Devil’s Lake, just east of town, is the recreation center of Lincoln City. In addition to windsurfing and hydroplaning, you can catch eight species of fish here, including catfish, yellow perch, crappie, largemouth bass, and trout. Chinese grass carp were introduced to the lake to help control the rampant aquatic weeds.
There’s also good bird-watching on and around this shallow 678-acre lake, which attracts flocks of migratory geese, ducks, and other waterfowl. Species to look for include canvasbacks, Canada geese, widgeons, gadwalls, grebes, and mallards. Bald eagles and ospreys also nest in the trees bordering the lake.
The lake takes its name from a local Native American legend. The story tells that when Siletz warriors paddled a canoe across the lake one moonlit night, a tentacled beast erupted from the still water and pulled the men under. It’s said that boaters today who cross the moon’s reflection in the middle of the lake tempt the same fate, but the lake’s devil has remained silent for years.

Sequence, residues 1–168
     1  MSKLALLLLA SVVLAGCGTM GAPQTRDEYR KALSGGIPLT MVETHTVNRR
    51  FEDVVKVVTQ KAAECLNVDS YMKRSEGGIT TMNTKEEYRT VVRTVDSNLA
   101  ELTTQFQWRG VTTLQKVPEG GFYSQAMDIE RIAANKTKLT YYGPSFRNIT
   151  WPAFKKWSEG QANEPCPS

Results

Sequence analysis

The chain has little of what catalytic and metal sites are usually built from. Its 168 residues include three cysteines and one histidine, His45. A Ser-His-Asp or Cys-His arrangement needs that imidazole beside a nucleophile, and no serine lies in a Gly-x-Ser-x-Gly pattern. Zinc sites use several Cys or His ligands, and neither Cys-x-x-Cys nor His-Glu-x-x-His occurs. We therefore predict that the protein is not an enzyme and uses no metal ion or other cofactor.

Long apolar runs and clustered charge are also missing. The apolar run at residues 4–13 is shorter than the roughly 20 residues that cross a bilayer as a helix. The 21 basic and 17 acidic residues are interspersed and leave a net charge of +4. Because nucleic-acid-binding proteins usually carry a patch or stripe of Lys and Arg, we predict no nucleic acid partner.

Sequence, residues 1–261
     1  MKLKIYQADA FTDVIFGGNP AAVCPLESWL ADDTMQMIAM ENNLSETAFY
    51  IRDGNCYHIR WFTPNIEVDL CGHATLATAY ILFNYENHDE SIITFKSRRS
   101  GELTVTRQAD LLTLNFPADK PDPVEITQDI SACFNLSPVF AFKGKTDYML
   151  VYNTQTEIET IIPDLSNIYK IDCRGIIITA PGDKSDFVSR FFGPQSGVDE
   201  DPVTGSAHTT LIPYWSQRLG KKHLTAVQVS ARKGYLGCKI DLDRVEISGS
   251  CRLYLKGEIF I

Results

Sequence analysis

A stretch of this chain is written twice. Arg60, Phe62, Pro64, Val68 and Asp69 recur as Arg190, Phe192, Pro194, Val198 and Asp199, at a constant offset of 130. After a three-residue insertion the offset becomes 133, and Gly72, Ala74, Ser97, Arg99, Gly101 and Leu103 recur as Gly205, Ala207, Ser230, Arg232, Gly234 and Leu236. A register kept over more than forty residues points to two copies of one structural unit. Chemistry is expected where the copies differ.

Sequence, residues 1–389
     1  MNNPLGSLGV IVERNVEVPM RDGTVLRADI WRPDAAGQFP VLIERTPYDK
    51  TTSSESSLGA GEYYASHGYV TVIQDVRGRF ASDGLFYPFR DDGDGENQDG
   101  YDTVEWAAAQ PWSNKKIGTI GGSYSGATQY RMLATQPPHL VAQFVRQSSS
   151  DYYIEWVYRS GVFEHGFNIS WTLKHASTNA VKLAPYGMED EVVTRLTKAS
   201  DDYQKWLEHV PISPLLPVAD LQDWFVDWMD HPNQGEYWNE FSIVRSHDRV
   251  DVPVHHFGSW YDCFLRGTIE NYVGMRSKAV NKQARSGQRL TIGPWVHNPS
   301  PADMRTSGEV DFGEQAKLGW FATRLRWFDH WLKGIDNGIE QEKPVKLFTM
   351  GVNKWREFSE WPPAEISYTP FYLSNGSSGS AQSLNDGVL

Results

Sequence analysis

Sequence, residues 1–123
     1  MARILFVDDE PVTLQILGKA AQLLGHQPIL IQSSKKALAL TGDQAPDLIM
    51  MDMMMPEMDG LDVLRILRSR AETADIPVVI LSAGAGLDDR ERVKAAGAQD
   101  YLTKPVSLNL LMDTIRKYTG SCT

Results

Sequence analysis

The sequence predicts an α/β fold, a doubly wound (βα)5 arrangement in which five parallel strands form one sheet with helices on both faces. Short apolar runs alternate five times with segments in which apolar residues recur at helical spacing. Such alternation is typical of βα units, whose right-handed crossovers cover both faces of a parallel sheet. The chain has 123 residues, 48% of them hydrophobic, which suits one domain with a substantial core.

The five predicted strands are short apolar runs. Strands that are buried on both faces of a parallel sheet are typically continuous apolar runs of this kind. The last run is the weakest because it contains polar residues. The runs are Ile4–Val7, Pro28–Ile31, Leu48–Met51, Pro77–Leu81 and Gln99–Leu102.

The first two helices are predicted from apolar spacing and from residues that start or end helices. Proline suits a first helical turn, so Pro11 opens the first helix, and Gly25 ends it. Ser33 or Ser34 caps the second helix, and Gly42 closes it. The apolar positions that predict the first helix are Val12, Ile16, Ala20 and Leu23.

Mountain bikes, canoes, paddleboats, and jet skis can be rented at the Blue Heron Landing (4006 W. Devil’s Lake Rd., Lincoln City, 541/994-4708).
Getting to Devil’s Lake
Of the five access points, East Devil’s Lake Road off U.S. 101 northeast of town offers a scenic route around the lake’s east side before rejoining U.S. 101 near the day-use portion of the state park at the south end of the lake. To reach the camping area of Devil’s Lake State Recreation Area, take NE Sixth Drive east from U.S. 101, about 0.25 miles north of the D River. The day-use area has a boat ramp, and there’s a moorage dock across the lake adjacent to the campground.
by Judy Jewell and W. C. McRae from Moon Oregon, 8th Edition, © Elizabeth & Mark Morris and Avalon Travel